Two hallmark DEF-funded projects are converging, providing great hope for those facing vision loss from retinitis pigmentosa (RP) or age-related macular degeneration (AMD).
The first project, headed by UC Irvine researchers Drs. Henry Klassen and Jing Yang, concentrates on putting human retinal progenitor cells into the eyes of those with RP in order to rescue damaged retinal cells. That project is currently in Phase II clinical trials, progressing toward FDA approval.
According to DEF Research Director Dr. Cristina Kenney, if the project is approved by the FDA for use with RP, the next question is: What other diseases might these retinal progenitor cells be used for? That’s where a second DEF-funded project comes in.
Kenney is working on a “personalized” cybrid cell model to screen agents that specifically target the mitochondria in AMD cells. To date, the researchers have different cybrid cell lines representing 60 different individuals with eye diseases. They are looking for novel mechanisms to protect AMD cells from dying.
Yang and Kenney are now working together to determine whether the retinal progenitor cells can be the agent that rescues AMD cybrids. “When we take the mitochondria from AMD patients and put them into healthy retinal cells, which makes cybrids, we have shown that these AMD cybrid cells will start to die. So we used that model to ask the question: How do we rescue them?” Kenney says.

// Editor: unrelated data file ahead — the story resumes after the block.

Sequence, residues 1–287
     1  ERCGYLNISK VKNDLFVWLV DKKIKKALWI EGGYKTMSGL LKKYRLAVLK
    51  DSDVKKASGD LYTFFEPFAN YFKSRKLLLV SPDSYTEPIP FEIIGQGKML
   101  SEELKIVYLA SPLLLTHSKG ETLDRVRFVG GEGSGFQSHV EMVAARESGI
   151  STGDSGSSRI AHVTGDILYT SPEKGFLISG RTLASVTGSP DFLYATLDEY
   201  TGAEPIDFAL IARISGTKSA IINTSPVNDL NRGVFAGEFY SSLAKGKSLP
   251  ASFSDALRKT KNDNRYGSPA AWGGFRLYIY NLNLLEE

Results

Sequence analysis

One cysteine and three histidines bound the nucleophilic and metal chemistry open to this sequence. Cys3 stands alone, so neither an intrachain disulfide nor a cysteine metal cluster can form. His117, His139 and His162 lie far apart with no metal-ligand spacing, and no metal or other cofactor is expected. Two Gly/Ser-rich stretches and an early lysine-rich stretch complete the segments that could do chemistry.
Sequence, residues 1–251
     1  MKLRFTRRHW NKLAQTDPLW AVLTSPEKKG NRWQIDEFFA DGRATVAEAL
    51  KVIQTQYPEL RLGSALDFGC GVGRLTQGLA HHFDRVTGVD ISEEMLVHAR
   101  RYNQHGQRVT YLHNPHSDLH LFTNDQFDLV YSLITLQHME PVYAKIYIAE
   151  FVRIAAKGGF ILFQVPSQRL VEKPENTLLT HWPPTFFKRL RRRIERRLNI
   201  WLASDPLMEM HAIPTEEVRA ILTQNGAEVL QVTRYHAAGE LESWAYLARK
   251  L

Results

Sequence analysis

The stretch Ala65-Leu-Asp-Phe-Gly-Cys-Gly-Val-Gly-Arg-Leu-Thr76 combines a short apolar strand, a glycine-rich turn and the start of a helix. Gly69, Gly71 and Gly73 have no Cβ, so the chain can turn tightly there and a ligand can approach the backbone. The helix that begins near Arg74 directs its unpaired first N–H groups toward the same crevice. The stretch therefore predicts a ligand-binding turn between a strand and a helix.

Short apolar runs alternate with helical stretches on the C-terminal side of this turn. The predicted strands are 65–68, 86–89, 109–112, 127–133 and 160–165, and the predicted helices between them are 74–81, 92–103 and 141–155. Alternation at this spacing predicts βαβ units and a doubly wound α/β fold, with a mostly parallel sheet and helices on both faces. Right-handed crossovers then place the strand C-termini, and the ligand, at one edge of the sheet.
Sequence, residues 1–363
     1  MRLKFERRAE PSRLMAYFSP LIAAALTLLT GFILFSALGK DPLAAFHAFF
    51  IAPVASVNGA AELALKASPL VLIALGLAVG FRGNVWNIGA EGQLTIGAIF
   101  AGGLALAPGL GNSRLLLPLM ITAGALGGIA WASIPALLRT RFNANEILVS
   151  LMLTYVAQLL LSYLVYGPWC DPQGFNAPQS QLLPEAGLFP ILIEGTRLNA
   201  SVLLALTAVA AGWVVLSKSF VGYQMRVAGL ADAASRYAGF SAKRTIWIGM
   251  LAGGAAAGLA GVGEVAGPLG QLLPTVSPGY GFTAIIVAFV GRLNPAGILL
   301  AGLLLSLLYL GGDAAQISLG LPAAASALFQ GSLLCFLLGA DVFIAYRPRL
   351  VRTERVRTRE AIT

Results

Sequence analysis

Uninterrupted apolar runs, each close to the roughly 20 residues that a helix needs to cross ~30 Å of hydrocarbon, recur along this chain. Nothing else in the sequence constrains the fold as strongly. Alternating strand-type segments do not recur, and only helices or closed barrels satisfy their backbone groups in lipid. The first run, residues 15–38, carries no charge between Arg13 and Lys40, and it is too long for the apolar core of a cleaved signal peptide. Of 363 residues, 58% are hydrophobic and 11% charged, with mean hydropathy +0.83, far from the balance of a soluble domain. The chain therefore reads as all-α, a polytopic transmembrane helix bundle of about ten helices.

Kenney and Yang developed a tissue culture model, where the retinal progenitor cells are grown in one part of a chamber, and the AMD cybrids are grown in another part of chamber, surrounded by culture medium. There is a porous separator between the two chambers through which the cells can communicate.
“We are finding that the retinal progenitor cells produce a factor that protects the AMD cybrids,” Kenney says. “This provides promising evidence that these proprietary retinal progenitor cells that are being tested for treating RP also may be helpful in AMD patients.”
“DEF has been supporting both these retina-related projects for quite some time, and it’s very exciting to see them coming together to potentially treat both RP and AMD.”